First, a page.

This species is found across Canada except for Anticosti Island and was introduced to Newfoundland in 1963. The males are a bit bigger than the females. This squirrel is different from Eastern Grey Squirrel because of its reddish colour and much smaller size. It generally lives in nests of leaves and twigs that it builds in trees, 5 to 15 metres above ground. Sometimes it may use a woodpecker's nesting hole or even the abandoned nest of a crow of a bird of prey. Its life expectancy is about 3 to 4 years in its natural habitat. In our region, the American Red Squirrel mostly feeds on the seeds of confier cones. This species - called rodents - is disliked by many because it often gets into attics, garages, and even in cars, which can cause a lot of damage. However, this species helps our ecosystem's diversity. As it feeds it hides the cones here and there and breaks them open, which spreads the seeds or lets them scatter on the wind, thus helping our forests to naturally regenerate. In addition, the American Red Squirrel is itself food for many predators, like the American Marten, the American Mink, the Fisher, the Red Fox, weasels, and some birds of prey. So, in the end, it is more useful than it is harmful.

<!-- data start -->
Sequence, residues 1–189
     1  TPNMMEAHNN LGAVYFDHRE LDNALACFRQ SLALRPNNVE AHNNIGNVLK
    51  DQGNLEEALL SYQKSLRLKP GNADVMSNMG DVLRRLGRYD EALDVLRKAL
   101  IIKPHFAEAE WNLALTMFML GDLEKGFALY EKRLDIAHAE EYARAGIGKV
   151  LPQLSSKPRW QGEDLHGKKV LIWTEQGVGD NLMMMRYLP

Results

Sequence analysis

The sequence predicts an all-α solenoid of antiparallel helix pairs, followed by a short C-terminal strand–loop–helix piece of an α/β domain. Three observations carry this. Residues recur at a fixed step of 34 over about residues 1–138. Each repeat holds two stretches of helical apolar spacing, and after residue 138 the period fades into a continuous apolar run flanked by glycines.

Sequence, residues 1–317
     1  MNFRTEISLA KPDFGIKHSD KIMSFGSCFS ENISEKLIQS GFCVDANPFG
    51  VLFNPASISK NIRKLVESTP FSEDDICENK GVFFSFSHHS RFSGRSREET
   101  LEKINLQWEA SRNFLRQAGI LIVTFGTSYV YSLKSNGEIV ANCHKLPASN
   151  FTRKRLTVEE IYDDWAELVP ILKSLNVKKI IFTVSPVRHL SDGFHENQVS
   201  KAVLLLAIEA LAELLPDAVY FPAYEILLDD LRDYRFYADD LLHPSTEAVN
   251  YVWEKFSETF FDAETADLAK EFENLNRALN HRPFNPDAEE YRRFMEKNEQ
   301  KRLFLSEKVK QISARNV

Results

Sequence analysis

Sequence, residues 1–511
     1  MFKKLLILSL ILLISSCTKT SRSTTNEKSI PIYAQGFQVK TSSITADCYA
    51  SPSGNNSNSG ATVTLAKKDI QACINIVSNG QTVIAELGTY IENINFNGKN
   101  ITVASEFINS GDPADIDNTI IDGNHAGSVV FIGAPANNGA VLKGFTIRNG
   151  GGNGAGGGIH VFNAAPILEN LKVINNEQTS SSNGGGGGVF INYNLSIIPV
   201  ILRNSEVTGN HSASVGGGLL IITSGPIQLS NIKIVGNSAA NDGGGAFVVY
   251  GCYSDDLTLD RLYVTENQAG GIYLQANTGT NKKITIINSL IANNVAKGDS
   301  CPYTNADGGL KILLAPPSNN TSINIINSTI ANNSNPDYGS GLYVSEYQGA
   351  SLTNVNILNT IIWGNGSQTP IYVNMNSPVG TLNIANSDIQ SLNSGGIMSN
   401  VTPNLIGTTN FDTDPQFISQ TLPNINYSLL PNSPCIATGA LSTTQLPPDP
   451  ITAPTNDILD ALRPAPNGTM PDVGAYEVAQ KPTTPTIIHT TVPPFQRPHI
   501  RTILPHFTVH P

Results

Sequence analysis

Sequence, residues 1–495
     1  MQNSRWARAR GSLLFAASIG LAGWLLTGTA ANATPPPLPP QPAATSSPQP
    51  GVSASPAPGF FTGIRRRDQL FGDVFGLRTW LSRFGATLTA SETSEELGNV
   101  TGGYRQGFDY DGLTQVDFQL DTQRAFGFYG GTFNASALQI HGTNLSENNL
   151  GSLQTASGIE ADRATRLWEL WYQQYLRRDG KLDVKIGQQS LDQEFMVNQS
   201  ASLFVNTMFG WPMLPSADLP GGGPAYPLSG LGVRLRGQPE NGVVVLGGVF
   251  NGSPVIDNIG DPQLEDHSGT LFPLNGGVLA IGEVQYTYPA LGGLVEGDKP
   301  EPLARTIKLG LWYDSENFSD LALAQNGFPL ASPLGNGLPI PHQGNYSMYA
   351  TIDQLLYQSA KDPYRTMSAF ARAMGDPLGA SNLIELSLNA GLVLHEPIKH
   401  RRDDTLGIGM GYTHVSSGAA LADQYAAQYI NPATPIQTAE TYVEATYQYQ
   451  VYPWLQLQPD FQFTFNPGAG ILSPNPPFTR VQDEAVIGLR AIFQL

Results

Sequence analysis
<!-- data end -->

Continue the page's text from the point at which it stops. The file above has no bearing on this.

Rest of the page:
From the Sign
When water springs naturally from the ground, it is often the point of origin of a stream, but it can also feed a pond, a lake or flow directly into the sea, like our own rivers, or seep back into the ground. The Mineral Springs Park owes its name to the great number of sources located on its site. Spring water is crucial on a planetary level, and we can consider ourselves very lucky to have this invaluable wealth all around us. Here in the Acadian Peninsula, our drinking water sources are renowned throughout Canada. Note that more than 97% of the water on Earth is salt water and the rest is fresh water. Of this percentage, 2% of the fresh water is in the form of ice caps, of which less than 1% is underground and surface water (lakes, rivers, streams, ponds, sources). Potable water is essential to all living organisms on Earth. It nourishes plants and animals of all ecosystems, even those in the desert. Our very survival as human being depends on it and yet we are the ones who pollute it the most.
From the Sign
Swamps and Dead Trees